Political Asylum

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Political asylum just might be the world’s most controversial universal idea. Most countries offer it. The United Nations declares it an inalienable human right. With violence raging from Syria to Ukraine to Central America, claims for asylum are at near-record highs. The discord starts when countries try to figure out who deserves it. The principle is that a nation should protect victims of persecution in another nation. The question is whether support for it can survive a refugee flood driven by violence, unrest and ease of travel.

The Situation

The European Union decided in April to send patrol ships to save refugees fleeing across the Mediterranean from violence in the Middle East and North Africa. As many as 1,200 boat people drowned in a few weeks as European leaders struggled to form a response that would balance competing interests from moral obligations to anti-immigrant political sentiment. Unaccompanied children made international headlines in 2014, as record numbers streamed across the U.S.-Mexico border. Over 85 percent of the juveniles who appeared in U.S. immigration courts from 2012 to 2014 were from Honduras, Guatemala and El Salvador; 14,114 were allowed to stay while 21,463 were ordered removed or left voluntarily. Globally, the largest number of asylum seekers come from war-torn Syria. Tens of thousands of Iraqis, including Christians fleeing forced conversion to Islam, have found refuge in France and the U.S. The number of asylum claims made by gay, bisexual and transgender people has increased in recent years, along with criticism of how governments require applicants to prove their sexual orientation. A man who fled a Pacific island devastated by a cyclone wants to become the world’s first climate-change refugee. One person’s refugee can be another’s wanted man. Think of Edward Snowden, the former CIA system administrator who was granted asylum by Russia after revealing details of classified U.S. government surveillance programs, and Julian Assange, the founder of Wikileaks, who was given asylum in 2012 by the Ecuadorian Embassy in London.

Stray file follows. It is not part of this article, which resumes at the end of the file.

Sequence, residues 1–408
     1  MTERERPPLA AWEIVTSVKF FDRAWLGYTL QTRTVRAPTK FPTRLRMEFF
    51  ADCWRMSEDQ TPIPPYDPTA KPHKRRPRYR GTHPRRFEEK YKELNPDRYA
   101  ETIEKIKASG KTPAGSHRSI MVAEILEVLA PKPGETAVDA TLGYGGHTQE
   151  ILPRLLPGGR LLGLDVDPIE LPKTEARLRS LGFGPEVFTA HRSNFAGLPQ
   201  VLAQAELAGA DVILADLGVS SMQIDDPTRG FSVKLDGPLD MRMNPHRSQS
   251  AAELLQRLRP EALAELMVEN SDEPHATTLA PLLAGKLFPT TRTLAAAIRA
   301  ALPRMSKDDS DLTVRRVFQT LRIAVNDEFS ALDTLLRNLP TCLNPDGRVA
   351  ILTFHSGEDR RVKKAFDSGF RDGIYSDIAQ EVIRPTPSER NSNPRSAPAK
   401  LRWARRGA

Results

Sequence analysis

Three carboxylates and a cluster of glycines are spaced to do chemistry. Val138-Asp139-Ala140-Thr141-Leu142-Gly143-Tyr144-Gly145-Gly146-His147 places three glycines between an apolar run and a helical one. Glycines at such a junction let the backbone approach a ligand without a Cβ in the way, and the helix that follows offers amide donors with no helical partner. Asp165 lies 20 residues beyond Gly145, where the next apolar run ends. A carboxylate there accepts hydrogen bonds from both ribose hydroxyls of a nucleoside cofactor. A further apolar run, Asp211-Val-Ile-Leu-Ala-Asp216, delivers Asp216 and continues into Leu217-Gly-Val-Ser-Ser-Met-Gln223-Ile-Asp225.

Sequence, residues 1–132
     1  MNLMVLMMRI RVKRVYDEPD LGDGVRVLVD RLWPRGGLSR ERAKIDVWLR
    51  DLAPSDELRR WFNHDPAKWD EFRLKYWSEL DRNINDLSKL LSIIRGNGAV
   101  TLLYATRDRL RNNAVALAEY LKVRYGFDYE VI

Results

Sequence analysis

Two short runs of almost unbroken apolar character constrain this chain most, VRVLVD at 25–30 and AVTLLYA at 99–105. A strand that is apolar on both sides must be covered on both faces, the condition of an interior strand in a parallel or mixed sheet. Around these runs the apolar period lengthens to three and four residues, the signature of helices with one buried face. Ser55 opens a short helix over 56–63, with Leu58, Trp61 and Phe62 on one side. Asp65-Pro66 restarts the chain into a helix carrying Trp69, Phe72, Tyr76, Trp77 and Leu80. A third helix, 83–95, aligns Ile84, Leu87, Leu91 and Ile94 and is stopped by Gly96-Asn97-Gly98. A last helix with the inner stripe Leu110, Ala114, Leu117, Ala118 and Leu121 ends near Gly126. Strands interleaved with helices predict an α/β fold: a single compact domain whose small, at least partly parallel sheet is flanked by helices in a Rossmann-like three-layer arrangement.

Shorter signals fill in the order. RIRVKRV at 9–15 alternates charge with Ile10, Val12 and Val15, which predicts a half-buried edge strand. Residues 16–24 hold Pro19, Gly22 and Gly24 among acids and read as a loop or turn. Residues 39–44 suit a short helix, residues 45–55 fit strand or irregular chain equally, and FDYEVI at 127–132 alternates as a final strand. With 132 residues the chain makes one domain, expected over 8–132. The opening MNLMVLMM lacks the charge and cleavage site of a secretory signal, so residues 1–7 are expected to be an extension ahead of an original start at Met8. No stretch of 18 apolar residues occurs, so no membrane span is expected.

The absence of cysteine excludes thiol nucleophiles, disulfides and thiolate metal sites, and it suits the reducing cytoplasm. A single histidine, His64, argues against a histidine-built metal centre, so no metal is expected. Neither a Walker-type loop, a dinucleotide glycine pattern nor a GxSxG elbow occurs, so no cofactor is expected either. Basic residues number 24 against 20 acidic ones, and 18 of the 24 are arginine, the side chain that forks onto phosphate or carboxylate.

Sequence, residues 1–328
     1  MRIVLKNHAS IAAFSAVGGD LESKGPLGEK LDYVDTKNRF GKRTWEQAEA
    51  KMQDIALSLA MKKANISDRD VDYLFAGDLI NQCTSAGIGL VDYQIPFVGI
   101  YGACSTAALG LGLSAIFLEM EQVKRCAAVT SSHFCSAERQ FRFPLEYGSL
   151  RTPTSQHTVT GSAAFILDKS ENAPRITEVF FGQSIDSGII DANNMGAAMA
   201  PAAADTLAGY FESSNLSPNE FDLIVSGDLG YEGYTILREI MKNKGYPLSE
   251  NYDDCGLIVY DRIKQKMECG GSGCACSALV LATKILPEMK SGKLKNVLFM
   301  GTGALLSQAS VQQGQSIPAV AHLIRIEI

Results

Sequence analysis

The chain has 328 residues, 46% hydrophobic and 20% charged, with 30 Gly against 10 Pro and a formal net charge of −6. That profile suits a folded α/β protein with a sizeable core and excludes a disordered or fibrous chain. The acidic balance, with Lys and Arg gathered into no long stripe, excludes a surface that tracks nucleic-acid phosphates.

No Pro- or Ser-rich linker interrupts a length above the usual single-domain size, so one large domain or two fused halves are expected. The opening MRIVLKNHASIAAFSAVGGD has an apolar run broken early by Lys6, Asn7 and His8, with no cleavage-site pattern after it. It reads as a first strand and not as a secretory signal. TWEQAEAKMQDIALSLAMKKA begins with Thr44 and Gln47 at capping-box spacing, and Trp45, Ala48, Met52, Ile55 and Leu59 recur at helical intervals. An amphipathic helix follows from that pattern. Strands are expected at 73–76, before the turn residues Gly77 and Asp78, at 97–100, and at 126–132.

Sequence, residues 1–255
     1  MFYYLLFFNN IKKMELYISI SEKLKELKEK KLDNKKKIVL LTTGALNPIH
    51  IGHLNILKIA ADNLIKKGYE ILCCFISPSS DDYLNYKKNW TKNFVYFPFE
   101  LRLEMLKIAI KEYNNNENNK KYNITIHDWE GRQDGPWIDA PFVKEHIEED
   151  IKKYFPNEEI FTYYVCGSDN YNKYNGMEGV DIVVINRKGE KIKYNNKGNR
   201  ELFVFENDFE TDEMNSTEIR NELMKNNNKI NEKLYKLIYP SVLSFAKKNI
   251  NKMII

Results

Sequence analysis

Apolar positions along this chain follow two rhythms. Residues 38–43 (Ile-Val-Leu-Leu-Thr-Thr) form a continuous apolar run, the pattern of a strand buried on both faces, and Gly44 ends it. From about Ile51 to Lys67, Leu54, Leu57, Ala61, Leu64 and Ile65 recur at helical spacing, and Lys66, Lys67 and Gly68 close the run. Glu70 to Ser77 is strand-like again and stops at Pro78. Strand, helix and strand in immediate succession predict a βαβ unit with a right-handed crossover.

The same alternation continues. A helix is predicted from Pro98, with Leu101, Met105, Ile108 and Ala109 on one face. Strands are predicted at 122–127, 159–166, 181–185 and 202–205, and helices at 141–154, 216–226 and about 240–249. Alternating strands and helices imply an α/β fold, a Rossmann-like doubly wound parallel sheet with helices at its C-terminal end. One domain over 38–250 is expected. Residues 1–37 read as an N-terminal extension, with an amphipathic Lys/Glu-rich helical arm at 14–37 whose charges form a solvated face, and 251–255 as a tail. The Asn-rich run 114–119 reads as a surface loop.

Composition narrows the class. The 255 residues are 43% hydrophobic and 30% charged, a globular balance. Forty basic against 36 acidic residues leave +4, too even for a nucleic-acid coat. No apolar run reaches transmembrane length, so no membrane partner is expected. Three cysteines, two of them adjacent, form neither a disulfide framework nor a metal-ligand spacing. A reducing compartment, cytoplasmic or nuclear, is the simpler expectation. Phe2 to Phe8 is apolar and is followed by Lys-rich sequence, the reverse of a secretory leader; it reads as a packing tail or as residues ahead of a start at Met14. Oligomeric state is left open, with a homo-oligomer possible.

Source: United Nations Refugee Agency. Click for data on 2014 asylum trends.
Source: United Nations Refugee Agency. Click for data on 2014 asylum trends.

The Background

The UN says the concept of asylum is one of the “earliest hallmarks of civilization,” citing references to it in 3,500-year-old texts. The word comes from the ancient Greek term for freedom from seizure. The 1951 UN Convention relating to the status of refugees and its 1967 Protocol are the modern legal framework for asylum, defining refugees as people who can show they’ll be persecuted at home based on race, religion, nationality, political conviction or social group. Claims have been rising; 44 industrialized nations surveyed in 2014 registered 866,000 asylum applications, 45 percent more than the year before and the second-highest level since the early 1980s. In 2013, 286,500 asylum applications were accepted and 376,200 rejected. Sweden recognized the most at 26,800. Asylum has been used as a political tool, as when Americans welcomed Cubans and Vietnamese seeking refuge from Communism. Individuals have used it to avoid or delay criminal prosecution. Examples include Snowden, Assange and Charles Taylor, the former Liberian president indicted for war crimes, who was given temporary refuge by Nigeria.

Source: UN Refugee Agency
Source: UN Refugee Agency

The Argument

More flight from violence means more polarized debate over asylum. Asylum seekers are encountering more hostility and more migrants’ lives are in limbo. Advocates say the universal obligation to protect the vulnerable should be extended to people fleeing danger, not just those exposed to official persecution. They cite the Central American children running from gangs and some of the world’s highest murder rates. Others say asylum policy has grown too lax and threatens to supplant the regular immigration process. Critics of the U.S. say its asylum judgments are so arbitrary they amount to “refugee roulette.” Some European countries have cut welfare to diminish the chance that assistance attracts asylum seekers. A cottage industry of sorts has grown to provide would-be seekers with compelling personal narratives that are exaggerated or false.

The Reference Shelf

First Published Aug. 28, 2014

To contact the writer of this QuickTake:

Esmé E. Deprez in New York at edeprez@bloomberg.net

To contact the editor responsible for this QuickTake:

Jonathan I. Landman at jlandman4@bloomberg.net